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On NC's Attorney General and the bipartisan hunt for a 'culture war' off ramp

by Jeremy Hooper

Screen Shot 2014-07-28 At 6.19.41 PmNorth Carolina's Democratic Attorney General has announced that he will no longer defend his state's discriminatory marriage ban, as he believes it would be "futile" in light of today's 4th Circuit ruling in favor of equality:

AG Roy Cooper says federal decision in VA clears way for gay marriage in NC [News & Observer]

And he's right. Marriage equality is inevitable, and people who are inclined to care about justice and their legacies want to be recorded on the right side.

But the politics of it are even more interesting. Increasingly we are seeing political figures from both sides of the aisle jumping at the chance to drop their past resistance to marriage equality (or in the case of Cooper and others, their defense of bad marriage laws) at the very first chance they get. It took Gov. Christie about a half a second after his state Supreme Court opened a path to marriage equality before he announced that his hands were pretty much tied. A similar thing happened in Pennsylvania, where Gov. Corbett (R) announced that he was out of options due to multiple courts' action on behalf of equality. And then there are the Democrats who might be inclined to support (like Cooper) but who just need that one little something—a ruling, a higher ranking supporter, safe poll numbers, a Biden, etc.—so they can come on out and offer their full and unqualified support. We marriage equality activists used to have to poke and prod and get on our knees and beg; people barely need a budge these days.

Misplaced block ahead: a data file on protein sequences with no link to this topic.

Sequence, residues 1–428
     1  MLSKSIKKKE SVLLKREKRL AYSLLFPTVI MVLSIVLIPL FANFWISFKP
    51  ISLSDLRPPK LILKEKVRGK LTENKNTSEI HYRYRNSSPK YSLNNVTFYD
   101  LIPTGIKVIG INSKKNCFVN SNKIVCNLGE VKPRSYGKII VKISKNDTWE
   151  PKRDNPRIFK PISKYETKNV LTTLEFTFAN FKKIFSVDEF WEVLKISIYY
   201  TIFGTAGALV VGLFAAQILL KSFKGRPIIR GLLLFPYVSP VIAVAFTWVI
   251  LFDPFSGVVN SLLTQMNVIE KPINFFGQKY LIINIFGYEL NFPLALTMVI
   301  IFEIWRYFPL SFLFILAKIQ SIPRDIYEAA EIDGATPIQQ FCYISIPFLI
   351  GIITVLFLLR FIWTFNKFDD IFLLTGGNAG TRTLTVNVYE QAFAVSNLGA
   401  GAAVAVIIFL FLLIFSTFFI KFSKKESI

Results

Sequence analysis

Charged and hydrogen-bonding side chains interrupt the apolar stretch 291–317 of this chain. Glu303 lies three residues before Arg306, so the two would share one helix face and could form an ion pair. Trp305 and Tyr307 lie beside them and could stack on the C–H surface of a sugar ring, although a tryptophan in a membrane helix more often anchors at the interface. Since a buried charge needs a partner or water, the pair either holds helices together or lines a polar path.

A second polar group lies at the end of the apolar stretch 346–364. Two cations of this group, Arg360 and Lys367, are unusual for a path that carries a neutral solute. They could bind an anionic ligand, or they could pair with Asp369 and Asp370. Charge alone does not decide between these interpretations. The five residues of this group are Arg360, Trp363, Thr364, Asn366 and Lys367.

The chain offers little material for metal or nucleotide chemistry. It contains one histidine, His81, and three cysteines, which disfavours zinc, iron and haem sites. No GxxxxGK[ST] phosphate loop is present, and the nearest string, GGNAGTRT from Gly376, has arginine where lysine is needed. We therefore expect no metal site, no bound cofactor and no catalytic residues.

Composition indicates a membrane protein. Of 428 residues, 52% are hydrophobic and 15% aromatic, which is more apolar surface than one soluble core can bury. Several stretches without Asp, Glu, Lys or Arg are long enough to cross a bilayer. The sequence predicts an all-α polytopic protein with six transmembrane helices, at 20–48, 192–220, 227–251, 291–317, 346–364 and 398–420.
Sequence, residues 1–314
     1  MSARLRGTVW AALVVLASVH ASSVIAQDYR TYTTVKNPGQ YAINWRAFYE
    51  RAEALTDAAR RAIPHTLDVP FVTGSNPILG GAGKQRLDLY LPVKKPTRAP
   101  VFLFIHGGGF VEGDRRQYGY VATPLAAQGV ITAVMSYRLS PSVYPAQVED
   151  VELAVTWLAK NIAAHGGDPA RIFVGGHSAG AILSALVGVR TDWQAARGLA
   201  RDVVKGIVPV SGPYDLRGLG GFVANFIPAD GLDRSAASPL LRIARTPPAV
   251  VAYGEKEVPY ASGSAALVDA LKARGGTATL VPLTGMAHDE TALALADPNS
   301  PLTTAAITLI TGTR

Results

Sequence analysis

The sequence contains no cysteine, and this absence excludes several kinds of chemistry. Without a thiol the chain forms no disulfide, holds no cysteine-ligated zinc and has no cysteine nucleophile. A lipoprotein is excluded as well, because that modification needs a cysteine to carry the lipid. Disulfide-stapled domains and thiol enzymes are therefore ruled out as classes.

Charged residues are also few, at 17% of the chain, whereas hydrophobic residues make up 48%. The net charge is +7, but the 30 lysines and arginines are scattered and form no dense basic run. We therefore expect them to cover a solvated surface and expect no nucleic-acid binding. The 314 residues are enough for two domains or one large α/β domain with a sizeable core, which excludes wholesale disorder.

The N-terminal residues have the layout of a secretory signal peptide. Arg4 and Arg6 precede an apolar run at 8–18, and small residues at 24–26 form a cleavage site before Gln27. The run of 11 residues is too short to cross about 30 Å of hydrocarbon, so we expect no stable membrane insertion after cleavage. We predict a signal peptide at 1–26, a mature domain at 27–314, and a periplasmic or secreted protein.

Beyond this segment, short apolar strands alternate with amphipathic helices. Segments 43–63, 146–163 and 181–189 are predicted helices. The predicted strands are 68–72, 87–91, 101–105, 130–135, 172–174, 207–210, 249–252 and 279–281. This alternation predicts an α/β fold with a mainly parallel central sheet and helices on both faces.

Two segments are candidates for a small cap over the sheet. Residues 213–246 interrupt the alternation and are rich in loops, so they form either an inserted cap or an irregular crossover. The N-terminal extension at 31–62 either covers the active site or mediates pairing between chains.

The truth is that a lot of political figures, from all parties and points of view, are ready to move on from this overwrought fight, which is why you are seeing friend and foe alike look for their easy entrance/exit. For a Democrat, as soon as that one lingering obstacle is moved even somewhat, it's time to dive in head first. For a Republican who might be worried about conservatives voters, it's a search for that one moment they can look too and ask, "eh, whaddya gonna do?" But for many—and an increasing many, at that—the hunt for the next available escape chute is fully on.

Which is good. Marriage equality is wonderful, while the rest of the world is kind of a mess. Maybe the next ten years can be defined by actual social issues that we solve rather than contrived social debates that we belabor?

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